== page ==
The process and system further preferably provides two different types of topological relations each, one of which ("defines") describes the topology in the usual manner, while the other ("constrains") expresses that an object influences the topology of another object without being influenced itself, in the topology level both between areas and edges and between edges and points. Geometric models are preferably a priori classified topologically in their description. A relation ("holds"), which states whether a defined topological, generic or volume instance is present in a current geometric model, is introduced for the topology level. The overall geometry is represented for each total set of decisions, and the subset of decisions which has led to a particular relationship is represented in it for every individual relationship with respect to the total set of decisions, so that parts of the geometry which are linked with these decisions can be identified at the time of a change in the decisions.

Prior-art feature concepts are based essentially on the prior-art manner of geometry modeling and place a description level on it, by means of which both more complex geometric shapes ("geometric features") and relationships between geometry and other information ("semantic features") can be described. Consequently, the possibilities of expression of the feature concept depended before mainly on the possibilities of the actual geometry modeling. The present invention advantageously takes the opposite approach: The starting point for the concept is the desired expressiveness and the requirement of a declarative representation as a central prerequisite for the integration of knowledge processing and geometry, i.e., the process according to the present invention is used mainly to obtain a high-performance interface between geometry modeling and the knowledge-processing system.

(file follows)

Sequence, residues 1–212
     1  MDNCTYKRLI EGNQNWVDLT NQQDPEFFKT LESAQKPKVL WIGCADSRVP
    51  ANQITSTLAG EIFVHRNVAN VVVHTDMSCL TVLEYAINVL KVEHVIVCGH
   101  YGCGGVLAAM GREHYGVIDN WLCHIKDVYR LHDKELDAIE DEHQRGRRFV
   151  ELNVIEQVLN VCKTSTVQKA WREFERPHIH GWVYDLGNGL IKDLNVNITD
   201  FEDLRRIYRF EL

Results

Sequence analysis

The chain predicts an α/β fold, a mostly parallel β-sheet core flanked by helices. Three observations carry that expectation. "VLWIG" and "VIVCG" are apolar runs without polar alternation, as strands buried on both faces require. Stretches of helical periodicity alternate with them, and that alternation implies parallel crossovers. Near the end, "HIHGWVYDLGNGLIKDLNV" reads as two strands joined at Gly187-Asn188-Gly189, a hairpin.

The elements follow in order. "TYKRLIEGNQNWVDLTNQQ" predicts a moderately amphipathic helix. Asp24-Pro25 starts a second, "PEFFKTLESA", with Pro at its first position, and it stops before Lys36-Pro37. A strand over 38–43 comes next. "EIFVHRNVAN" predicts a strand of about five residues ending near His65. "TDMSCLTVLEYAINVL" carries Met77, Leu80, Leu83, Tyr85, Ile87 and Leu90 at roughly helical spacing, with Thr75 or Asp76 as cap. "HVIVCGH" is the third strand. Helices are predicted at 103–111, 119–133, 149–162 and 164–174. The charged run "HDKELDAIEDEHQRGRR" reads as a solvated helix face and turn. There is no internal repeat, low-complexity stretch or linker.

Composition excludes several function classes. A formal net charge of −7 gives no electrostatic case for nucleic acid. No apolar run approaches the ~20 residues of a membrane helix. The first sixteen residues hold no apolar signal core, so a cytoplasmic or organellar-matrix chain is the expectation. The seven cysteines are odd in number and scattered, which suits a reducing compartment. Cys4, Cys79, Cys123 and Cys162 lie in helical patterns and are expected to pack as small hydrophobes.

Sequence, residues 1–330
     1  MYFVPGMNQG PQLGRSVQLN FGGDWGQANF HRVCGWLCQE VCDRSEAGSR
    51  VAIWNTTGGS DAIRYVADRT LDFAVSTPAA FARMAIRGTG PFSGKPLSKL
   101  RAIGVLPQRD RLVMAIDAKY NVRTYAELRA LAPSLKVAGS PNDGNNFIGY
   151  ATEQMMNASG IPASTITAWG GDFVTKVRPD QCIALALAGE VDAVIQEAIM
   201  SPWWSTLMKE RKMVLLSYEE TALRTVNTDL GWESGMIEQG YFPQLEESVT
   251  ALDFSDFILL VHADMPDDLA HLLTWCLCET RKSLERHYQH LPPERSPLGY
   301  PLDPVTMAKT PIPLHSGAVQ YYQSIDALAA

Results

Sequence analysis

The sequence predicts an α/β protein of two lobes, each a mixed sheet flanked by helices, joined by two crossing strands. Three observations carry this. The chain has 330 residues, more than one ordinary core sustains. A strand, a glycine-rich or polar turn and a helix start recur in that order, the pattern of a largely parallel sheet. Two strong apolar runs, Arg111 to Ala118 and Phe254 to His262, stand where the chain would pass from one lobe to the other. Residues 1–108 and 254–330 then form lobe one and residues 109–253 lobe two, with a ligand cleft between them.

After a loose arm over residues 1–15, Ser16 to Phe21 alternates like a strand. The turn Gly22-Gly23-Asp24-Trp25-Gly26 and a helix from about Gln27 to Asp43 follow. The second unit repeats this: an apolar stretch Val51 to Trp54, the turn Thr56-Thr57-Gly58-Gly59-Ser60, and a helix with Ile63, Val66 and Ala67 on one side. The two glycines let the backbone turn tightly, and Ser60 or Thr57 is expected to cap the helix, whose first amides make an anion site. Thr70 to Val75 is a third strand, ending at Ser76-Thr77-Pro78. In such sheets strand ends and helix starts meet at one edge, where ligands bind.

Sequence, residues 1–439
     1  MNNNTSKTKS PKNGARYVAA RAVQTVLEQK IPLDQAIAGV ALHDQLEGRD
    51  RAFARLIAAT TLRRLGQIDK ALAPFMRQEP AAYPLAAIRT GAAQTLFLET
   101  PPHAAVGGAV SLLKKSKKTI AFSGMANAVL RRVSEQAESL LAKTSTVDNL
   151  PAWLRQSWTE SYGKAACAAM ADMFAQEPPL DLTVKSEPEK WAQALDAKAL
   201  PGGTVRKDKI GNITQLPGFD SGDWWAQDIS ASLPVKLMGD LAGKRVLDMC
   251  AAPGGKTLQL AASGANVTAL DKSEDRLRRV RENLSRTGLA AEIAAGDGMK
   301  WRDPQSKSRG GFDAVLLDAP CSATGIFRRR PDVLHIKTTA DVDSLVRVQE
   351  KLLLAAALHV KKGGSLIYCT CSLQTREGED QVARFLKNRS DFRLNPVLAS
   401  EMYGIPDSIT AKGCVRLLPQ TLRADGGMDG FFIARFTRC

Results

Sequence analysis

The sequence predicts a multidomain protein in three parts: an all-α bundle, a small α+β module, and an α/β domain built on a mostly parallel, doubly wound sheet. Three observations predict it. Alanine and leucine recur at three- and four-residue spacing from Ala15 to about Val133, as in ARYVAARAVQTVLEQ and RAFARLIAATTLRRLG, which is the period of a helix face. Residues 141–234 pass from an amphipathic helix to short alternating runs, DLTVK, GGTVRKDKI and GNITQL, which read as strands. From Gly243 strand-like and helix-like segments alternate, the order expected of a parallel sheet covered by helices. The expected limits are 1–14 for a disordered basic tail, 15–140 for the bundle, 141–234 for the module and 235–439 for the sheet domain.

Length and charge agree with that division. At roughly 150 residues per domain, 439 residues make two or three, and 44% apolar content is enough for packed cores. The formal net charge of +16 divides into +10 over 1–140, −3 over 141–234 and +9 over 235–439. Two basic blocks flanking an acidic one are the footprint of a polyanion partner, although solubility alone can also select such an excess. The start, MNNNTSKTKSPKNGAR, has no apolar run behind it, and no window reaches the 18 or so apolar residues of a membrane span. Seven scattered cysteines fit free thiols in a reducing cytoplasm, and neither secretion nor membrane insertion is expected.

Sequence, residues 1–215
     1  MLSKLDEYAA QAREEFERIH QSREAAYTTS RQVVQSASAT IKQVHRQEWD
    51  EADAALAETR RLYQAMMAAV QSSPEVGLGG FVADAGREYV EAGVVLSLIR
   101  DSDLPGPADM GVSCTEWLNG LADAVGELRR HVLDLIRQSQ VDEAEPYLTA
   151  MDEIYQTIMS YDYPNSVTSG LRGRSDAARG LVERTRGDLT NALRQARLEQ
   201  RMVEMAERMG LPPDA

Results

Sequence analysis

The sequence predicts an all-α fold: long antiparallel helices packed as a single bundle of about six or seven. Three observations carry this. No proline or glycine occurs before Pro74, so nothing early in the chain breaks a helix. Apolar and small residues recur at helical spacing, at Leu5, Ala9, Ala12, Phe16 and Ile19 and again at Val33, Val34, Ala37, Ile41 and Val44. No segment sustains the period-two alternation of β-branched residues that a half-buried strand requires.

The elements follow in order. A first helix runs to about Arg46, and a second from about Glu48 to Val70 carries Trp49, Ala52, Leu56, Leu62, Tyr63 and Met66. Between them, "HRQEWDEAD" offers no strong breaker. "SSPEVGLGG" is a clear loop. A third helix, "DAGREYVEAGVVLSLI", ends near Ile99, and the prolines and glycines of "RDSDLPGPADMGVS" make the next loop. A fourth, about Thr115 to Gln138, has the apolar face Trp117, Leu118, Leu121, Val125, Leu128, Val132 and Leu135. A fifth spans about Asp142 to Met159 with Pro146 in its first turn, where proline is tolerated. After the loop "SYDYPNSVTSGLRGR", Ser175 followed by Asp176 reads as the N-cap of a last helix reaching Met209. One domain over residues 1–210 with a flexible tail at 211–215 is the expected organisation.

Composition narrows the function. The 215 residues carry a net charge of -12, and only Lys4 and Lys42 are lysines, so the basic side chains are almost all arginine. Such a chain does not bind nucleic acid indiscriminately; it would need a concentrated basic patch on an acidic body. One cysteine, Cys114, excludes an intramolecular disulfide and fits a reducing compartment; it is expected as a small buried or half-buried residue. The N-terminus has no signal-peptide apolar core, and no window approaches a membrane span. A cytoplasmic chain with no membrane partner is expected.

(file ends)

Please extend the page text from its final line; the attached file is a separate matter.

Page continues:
The feature representation in the process according to the present invention makes it possible to express a plurality of different relationships (constraints), which are taken into account in deriving the complete geometric information for the geometry modeling. Due to its special mode of operation, the geometry modeling ensures that the sequence in which the problem solver (knowledge-based system) "supplies" it with information is irrelevant for the resulting overall geometry.

It is ensured by the level structure that all relevant information is represented where they have their place; and all relationships between the different aspects of geometry modeling (volumes, areas, parameters, topology) are part of the overall representation, i.e., they are not lost. In this sense, the process according to the present invention is not only a hybrid, but also an integrated modeling approach. Due to the explicit representation of all relevant geometric information, it is possible to completely integrate these relationships in the knowledge processing (and to use it as constraints for the corresponding "entities").

The various features of novelty which characterize the invention are pointed out with particularity in the claims annexed to and forming a part of this disclosure. For a better understanding of the invention, its operating advantages and specific objects attained by its uses, reference is made to the accompanying drawings and descriptive matter in which preferred embodiments of the invention are illustrated.

In the drawings:

FIG. 1 is a diagram showing a declarative feature and relationship level and its representation to geometry,

FIG. 2 is a diagram showing description levels according to the present invention and their dependences,

FIG. 3 is a diagram showing the linking of three volumes in two steps,

FIG. 4a is view of the generic areas of the two-dimensional "volumes" according to FIG. 3, and

FIG. 4b is a diagram showing their description levels,

FIG. 5 is a representation of a relationship between a certain basic volume and a cylinder, which are correlated via two areas,

FIG. 6 is a generic and topological representation of a rectangle (without the corresponding geometric constraints), and

FIG. 7 is a generic and topological representation of "non-rectangles" (without geometric constraints).